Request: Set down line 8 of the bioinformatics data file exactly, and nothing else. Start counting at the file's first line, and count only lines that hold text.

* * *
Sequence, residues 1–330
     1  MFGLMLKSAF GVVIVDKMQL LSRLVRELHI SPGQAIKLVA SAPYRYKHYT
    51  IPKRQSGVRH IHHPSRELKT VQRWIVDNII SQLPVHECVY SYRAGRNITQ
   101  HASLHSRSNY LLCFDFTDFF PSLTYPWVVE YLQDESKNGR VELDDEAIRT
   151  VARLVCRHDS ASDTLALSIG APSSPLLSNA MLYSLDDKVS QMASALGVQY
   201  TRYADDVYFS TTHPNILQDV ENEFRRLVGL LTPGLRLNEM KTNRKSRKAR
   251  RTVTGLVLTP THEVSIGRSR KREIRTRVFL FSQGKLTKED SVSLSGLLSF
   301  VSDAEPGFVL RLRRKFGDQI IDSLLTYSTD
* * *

   301  VSDAEPGFVL RLRRKFGDQI IDSLLTYSTD